► Autonomous Uber driver ‘watching TV’
► Latest in the driverless car crash saga
► Autonomous tech investigation ongoing
Uber has called time on its autonomous car project after five troubled years of R&D around self-driving cars. According to reports today, Uber is selling its autonomous arm to a start-up called Aurora, though it’ll still hold a $400million stake in the company – joining the likes of Amazon as investors.
Uber’s autonomous car project got off to a good start, and the company soon partnered with Volvo in 2016 – but a fatal crash in 2018 marred any further progress.
Uber will now focus on increasing profits from its ride-sharing and food delivery apps – but it hasn’t given up on autonomous cars just yet: Aurora and Uber have agreed a partnership that could one day see self-driving cars deployed using the ride-sharing app.
More background on the autonomous Uber accident
The ‘driver’ of the autonomous Uber that crashed in Arizona was watching TV moments before the Volvo XC90 ploughed into a pedestrian, the police report has revealed.
She should have been monitoring the car’s progress, but was in fact streaming an episode of talent show The Voice, it has emerged. Tempe police said the crash was ‘entirely avoidable’ if she had been watching the road ahead instead of being glued to the TV.
The ‘safety operator’ in the Uber could now face charges of manslaughter, according to US prosecutors, who received a copy of the police report after a freedom of information request.
Police had earlier released a video of a fatal incident involving an autonomous car and a pedestrian. It showed how Uber’s Volvo XC90 appeared to take no evasive action such as braking or even swerving – suggesting the car’s systems hadn’t even seen the pedestrian. It seemed that the mule was running two autonomous systems in parallel: the experimental Uber system and the Volvo’s factory-fitted system, but new information has come to light confirming the latter was turned off.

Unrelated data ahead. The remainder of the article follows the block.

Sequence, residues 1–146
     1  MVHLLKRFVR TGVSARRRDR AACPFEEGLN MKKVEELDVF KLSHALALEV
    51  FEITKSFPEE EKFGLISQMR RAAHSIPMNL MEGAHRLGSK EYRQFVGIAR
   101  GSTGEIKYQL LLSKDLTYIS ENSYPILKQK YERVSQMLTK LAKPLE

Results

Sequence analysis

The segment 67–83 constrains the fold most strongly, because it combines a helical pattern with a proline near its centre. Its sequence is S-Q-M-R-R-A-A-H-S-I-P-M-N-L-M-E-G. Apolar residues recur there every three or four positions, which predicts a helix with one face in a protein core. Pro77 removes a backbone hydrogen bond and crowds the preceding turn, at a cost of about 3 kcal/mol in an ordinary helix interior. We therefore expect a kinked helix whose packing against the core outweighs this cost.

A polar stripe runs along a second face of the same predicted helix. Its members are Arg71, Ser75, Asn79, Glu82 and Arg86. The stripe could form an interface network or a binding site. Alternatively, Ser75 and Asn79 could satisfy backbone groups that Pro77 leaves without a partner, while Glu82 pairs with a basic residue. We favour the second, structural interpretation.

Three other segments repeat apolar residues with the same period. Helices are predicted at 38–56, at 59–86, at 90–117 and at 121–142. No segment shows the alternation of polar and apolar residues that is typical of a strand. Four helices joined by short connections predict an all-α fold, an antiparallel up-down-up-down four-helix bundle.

A spokesman for Aptiv, the company that makes the driverless system for Volvo, has revealed Uber turned the XC90’s systems off prior to the accident.
‘We don’t want people to be confused or think it was a failure of the technology that we supply for Volvo, because that’s not the case,’ Zach Peterson, a spokesman for Aptiv Plc, told Bloomberg. He added the Volvo XC90’s factory-fitted system was in no way related to Uber’s own system.
What’s more, Mobileye’s technology would have detected the pedestrian at least one second before the accident, its makers claim. Yes, that’s not enough to avert the accident, but it could’ve reduced the speed or given the car time to swerve away.
Writing on the company’s website, chief executive officer and chief technology officer of Mobileye, Prof Amnon Shashua, revealed that Mobileye had applied its software to the video released and ‘clear detection was achieved approximately one second before impact.’
The blog post goes onto say that this was achieved ‘in suboptimal conditions, where much of the high dynamic range data that would be present in the actual scene was likely lost.’ That suggests possible detection time would’ve been even sooner, in reality.
Autonomous Uber accident: everything else we know
Footage has emerged of what took place when the autonomous Uber prototype failed to stop, fatally striking a pedestrian in March 2018. The video itself is separated into two feeds, showing the interior and exterior of the augmented Volvo XC90. And as well as shedding new light on the incident, it also contradicts some details we heard in earlier reports.
In the exterior video, we see the pedestrian – now named as 49-year-old Elaine Herzberg – appear from the left in the middle of the road, walking with a bike to the pavement on the right-hand side.
The Volvo is travelling at a moderate speed (38 mph) and although the pedestrian is practically invisible before she appears in the headlights of the car, Uber’s system seems to make no effort to brake, swerve or take evasive action when she does appear in shot.
The interior video shows the rider, now identified as 44-year-old Rafaela Vasquez, looking down frequently, but still paying some attention to the road. However, the rider looks down for six of the seven seconds before the accident.
Read our guide to the levels of autonomous car here